Little Girls in a B-Girl World
They’re masters of headspins, freezes and all things hip hop. They’re booking professional dance jobs in between completing homework assignments. They’re the rising young stars of the commercial dance world—and they’re taking the West Coast by storm (with killer style to boot).
Meet Simrin Player, Jade Chynoweth, Camren Bicondova, Jordyn Jones, Larsen Thompson, Taylor Knight and Emily Hoffman. These seven girls are sweet, cute and giggly—until the music comes on. Then sweetness turns to down-low grit, and giggles are traded for charismatic swagger.
It’s obvious why choreographers and directors are eager to work with these mini divas. They can certainly dance, most of them can act and a few can even sing. Read on to meet the newest—and most hirable—kids in the industry.
Simrin Player (by Erin Baiano)
…but you can call her: Simi or Simba (“And my mom calls me Poodle,” she says.)
Hometown: Phoenix, AZ
Where she trains: Club Dance and Master Ballet Academy
Street cred: Simrin toured with Justin Bieber and Willow Smith in the U.K. and had roles on “Bunheads” and in Step Up 3D. She recently appeared in the short film F.E.A.R. Not, which “showcases my kung fu skills,” she says. This summer, Simrin won the Teen Maximum Velocity Artist award at Velocity Dance Competition Nationals, and she’ll spend the year assisting the convention faculty on tour.
Signature moves: Headspins and windmills
Her freestyle song: “Angels” by The xx
Why you need to know her: Simrin does it all. She’s trained in hip hop, break dancing, tap, ballet, jazz, contemporary, pointe and partnering. She takes acting classes, plays piano and does kung fu. “We get to use weapons like swords, staffs and double daggers,” she says. “Thankfully, they aren’t too sharp, so I don’t beat myself up too badly!”
"When I first met Simi, she was so tiny. But when she danced, she became this big ball of energy. She was on fire, lighting up the dance floor at just 7 years old. Now, she’s one of the most incredible, gifted and well-rounded performers in the industry. Mark my words, Simrin Player is going to be a worldwide force.” —Hi-Hat
Jade Chynoweth (by Will Simons)
…but you can call her: JaDeBug
Hometown: Park City, UT
Where she trains: Pioneer High School for the Performing Arts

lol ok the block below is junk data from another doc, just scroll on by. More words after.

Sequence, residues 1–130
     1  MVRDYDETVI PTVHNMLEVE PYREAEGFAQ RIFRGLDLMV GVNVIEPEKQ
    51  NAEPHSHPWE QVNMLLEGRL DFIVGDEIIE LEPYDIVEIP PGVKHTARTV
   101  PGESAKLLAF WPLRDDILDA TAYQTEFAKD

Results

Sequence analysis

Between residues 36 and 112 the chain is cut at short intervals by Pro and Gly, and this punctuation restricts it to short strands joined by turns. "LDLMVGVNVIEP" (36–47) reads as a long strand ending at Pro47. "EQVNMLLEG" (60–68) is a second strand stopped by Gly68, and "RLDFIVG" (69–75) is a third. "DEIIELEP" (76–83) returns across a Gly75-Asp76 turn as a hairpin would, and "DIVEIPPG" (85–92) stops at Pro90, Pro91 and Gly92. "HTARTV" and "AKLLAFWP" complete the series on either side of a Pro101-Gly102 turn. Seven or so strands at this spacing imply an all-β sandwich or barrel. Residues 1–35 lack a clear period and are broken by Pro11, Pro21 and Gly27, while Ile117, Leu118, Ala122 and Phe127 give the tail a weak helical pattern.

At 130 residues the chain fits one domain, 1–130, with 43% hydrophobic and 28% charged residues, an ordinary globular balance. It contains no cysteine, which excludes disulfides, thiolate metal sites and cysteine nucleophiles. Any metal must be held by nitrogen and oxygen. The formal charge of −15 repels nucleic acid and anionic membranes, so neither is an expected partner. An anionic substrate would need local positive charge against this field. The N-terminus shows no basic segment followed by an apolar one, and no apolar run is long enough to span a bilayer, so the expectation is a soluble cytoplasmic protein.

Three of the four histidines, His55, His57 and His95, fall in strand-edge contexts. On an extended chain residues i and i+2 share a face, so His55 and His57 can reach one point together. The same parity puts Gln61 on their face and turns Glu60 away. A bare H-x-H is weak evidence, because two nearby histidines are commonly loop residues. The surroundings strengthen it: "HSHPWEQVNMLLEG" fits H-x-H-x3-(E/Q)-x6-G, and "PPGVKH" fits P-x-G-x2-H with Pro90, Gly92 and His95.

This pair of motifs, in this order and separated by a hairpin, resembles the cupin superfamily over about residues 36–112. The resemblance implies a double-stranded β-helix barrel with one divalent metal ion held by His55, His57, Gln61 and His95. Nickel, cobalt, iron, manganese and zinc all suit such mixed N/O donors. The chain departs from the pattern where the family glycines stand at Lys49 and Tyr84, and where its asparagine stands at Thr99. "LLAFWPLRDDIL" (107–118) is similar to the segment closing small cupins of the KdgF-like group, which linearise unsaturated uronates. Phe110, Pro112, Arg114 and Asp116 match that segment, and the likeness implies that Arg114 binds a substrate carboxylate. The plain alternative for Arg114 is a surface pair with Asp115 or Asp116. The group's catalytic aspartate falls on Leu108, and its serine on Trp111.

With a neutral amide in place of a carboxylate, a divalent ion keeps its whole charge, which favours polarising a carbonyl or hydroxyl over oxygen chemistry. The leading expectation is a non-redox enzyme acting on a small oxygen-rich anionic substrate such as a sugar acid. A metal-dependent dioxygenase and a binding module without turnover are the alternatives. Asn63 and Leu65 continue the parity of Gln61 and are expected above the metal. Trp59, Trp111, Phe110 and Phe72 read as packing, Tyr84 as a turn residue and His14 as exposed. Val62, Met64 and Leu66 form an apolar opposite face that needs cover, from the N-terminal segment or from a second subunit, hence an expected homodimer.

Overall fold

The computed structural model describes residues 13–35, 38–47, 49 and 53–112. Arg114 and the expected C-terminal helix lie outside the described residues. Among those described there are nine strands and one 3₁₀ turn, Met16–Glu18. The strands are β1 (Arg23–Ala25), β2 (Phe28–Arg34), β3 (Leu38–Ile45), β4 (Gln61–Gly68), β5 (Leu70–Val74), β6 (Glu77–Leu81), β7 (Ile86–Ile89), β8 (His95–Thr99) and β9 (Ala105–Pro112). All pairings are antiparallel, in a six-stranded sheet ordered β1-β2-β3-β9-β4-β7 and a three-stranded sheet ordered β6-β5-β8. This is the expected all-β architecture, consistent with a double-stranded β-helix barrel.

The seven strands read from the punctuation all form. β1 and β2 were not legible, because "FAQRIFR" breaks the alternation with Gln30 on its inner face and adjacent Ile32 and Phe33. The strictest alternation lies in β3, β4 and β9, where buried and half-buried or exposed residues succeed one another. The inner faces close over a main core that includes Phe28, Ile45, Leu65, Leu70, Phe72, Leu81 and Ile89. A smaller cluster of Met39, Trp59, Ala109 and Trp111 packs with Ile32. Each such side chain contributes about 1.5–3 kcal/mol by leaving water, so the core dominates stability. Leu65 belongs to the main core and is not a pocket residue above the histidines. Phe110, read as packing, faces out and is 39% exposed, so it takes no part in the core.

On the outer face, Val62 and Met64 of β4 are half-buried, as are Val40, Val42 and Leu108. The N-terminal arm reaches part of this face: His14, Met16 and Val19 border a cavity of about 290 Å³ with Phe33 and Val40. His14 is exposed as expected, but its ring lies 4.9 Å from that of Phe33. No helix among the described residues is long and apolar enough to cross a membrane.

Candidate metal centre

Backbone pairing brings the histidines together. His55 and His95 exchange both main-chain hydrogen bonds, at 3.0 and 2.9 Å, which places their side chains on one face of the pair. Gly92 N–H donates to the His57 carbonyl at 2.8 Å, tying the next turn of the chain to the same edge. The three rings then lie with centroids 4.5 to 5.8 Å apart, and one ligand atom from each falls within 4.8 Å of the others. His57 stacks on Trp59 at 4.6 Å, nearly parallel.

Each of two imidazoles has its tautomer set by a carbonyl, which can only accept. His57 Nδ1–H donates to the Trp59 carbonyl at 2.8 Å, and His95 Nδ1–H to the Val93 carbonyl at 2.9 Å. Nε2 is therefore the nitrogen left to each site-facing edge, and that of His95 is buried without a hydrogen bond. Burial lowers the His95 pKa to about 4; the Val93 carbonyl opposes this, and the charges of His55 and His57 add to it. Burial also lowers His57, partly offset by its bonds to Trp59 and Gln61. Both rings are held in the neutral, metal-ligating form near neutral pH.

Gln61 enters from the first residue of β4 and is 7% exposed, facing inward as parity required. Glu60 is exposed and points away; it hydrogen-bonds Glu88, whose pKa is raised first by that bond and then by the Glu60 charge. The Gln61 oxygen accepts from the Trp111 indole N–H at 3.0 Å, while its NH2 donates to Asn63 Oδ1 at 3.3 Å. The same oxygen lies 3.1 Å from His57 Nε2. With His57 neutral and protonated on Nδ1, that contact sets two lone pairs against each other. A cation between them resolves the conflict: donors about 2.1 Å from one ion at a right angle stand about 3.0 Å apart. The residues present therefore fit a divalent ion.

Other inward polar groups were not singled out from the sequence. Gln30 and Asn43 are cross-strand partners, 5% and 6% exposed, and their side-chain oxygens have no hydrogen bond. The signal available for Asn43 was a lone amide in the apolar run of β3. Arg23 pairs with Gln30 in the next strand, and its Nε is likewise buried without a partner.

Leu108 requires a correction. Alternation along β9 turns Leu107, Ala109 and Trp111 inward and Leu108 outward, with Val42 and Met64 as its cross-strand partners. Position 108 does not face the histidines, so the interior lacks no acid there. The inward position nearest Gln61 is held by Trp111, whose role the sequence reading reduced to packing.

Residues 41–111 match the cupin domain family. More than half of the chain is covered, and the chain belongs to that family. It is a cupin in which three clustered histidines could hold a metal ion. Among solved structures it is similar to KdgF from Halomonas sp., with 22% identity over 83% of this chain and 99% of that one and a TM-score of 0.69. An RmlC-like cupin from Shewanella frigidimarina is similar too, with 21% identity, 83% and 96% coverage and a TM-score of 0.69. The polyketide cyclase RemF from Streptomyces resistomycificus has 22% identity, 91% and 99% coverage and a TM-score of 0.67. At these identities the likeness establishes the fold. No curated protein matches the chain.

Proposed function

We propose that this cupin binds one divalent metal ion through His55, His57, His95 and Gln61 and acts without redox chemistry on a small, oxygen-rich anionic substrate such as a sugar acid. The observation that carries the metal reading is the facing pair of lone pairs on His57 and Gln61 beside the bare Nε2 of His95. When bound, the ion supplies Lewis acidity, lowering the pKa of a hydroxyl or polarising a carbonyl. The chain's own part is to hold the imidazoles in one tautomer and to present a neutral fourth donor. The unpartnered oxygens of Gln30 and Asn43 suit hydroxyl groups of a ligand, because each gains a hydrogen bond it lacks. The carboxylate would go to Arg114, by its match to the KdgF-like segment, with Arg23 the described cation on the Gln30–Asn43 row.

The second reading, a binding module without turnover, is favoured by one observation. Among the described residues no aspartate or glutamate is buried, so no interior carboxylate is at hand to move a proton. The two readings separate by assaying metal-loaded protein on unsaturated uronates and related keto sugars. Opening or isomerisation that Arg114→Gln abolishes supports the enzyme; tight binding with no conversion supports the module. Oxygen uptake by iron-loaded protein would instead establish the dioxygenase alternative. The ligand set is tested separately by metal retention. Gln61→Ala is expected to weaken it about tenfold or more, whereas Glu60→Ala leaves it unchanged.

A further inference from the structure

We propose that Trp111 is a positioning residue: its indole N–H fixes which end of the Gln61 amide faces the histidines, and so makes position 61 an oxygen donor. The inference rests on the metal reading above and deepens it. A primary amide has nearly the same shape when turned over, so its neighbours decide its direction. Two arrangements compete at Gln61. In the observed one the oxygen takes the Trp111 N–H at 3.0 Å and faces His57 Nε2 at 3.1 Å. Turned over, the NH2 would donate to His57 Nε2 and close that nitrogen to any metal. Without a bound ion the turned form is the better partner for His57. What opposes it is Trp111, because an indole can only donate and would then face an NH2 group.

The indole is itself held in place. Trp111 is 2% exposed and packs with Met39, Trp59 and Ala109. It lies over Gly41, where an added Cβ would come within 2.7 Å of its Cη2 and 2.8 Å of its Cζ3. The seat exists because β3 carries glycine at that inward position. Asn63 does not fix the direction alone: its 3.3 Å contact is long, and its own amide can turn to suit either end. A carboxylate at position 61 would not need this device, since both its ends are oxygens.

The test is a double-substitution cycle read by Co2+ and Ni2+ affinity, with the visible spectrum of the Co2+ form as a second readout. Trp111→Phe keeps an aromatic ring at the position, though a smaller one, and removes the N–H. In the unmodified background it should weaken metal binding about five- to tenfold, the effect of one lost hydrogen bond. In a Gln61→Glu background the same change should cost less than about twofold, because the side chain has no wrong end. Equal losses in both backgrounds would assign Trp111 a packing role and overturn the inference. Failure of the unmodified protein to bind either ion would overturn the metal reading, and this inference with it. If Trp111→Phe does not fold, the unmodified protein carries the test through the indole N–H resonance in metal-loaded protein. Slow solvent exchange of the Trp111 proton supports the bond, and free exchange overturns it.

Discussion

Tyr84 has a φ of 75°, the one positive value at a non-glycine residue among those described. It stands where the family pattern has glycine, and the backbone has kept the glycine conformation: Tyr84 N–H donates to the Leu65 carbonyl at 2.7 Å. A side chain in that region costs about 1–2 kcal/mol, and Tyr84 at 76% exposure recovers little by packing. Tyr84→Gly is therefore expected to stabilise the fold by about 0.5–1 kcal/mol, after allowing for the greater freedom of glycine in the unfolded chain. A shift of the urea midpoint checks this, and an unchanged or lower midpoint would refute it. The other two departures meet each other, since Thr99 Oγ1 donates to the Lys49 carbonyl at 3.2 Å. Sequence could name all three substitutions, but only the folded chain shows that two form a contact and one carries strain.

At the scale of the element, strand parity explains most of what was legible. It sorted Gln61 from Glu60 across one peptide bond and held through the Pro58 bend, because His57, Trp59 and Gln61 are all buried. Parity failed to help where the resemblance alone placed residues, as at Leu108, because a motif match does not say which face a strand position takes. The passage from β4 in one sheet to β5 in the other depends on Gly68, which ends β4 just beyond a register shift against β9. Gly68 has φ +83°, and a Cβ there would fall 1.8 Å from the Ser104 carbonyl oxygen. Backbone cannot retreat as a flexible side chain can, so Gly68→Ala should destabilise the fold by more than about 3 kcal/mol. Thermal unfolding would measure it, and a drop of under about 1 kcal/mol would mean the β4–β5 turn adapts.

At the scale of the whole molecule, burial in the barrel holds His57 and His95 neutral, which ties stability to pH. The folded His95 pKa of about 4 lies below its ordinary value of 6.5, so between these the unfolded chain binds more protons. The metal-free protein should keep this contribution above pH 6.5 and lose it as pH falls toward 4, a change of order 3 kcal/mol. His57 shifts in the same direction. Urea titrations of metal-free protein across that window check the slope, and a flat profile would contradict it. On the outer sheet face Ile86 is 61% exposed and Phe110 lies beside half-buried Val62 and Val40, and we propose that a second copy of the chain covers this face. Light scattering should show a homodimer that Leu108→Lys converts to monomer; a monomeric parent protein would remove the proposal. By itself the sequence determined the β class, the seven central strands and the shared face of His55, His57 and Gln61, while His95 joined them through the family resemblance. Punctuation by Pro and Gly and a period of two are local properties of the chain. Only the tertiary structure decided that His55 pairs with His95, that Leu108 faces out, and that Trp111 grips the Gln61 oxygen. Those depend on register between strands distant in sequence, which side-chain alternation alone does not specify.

Street cred: Jade was an Elite Protégé at The PULSE On Tour during its 2010–11 season and performed in L.A. as a member of E-Kidz, a youth hip-hop group run by Dave Scott. She was a featured dancer in Mindless Behavior’s “My Girl (Remix)” and “Girls Talkin Bout” music videos, and performed at the 2011 and 2012 Nickelodeon Kids’ Choice Awards. She danced at the 2011 MTV Video Music Awards in the Britney Spears tribute piece (“I stood next to Beyoncé while waiting backstage—too cool!” she says), was a featured dancer in the 2012 Microsoft Surface commercial and was a cast member in the Monsters of Hip-Hop show Shadows this summer. Jade has appeared on “The Ellen DeGeneres Show” and filmed a Toyota commercial that airs this year. Next, she’ll appear on the big screen as the young queen Artemisia in 300: Rise of an Empire.
Signature move: The backwards worm. “At least that’s what I call it,” Jade says.
Her freestyle song: “Black Skinhead” by Kanye West
Her go-to audition look: “If they’re looking for younger kids, I’ll wear bright colors, but if they want teens, I’ll wear something like black leather with bright accessories and a pair of colored Converse sneakers,” she says.
Why you need to know her: Don’t be fooled by her cute curls and face full of freckles: Jade’s a total tough-girl tomboy. Her dance style is quirky and experimental—think Mark Kanemura plus Tucker Barkley—and she can do every trick in the book. Jade won’t just do a cartwheel: She’ll do a cartwheel on her head over a chair. She’s also a battle master, having dominated at NUVO Dance Convention, the L.A. Hip Hop Dance Intensive, Bobby’s Beat Camp and Urban Dance Organization.
“Jade is one of the most outstanding dancers I’ve seen in a long time. Her maturity and versatility are rare, as is her respect for others at such a young age—it’s beautiful. She is definitely one to watch out for.” —Tyce Diorio
Camren Bicondova (by Louise Flores)
…but you can call her: Cam or CamCam
Hometown: L.A. Camren’s dad is active-duty military and their family just transferred to California after four years in Hawaii.
Where she trains: Movement Lifestyle, Millennium Dance Complex, EDGE Performing Arts Center and Academy of Dance Westlake Village
Street cred: Camren’s a member of the 8 Flavahz Crew, which took second place on “America’s Best Dance Crew” Season 7 and performed in Ciara’s “Got Me Good” music video. She was an Elite Protégé for The PULSE On Tour’s 2011–12 season and was nominated for a 2012 The Industry Voice Prodigy award. She has performed at the Kids’ Choice Awards, with Ciara on 2012 VH1 Divas and at the Dizzy Feet Foundation’s gala. Most recently she’s been assisting Tessandra Chavez and performing with the immaBEAST hip-hop dance company formed by Willdabeast Adams.
Signature move: “I like whacking and love to add a simple pose after a really hard set,” Camren says. “The shablam is a personal fave.”
Her freestyle song: “No Diggity” by Blackstreet featuring Dr. Dre
Her go-to audition look: “Usually capris and a crop top with my comfy shoes.”
Why you need to know her: She’s a survivor. Camren started dancing because she was having seizures and her parents thought dance classes might help. They did, and Cam was hooked. Today, Camren’s a self-described “edgy nerd” with a cute bob haircut (“It’s a great accessory, but it has a mind of its own,” she says) and a unique style that mixes girly movements with masculine, hard-hitting moves.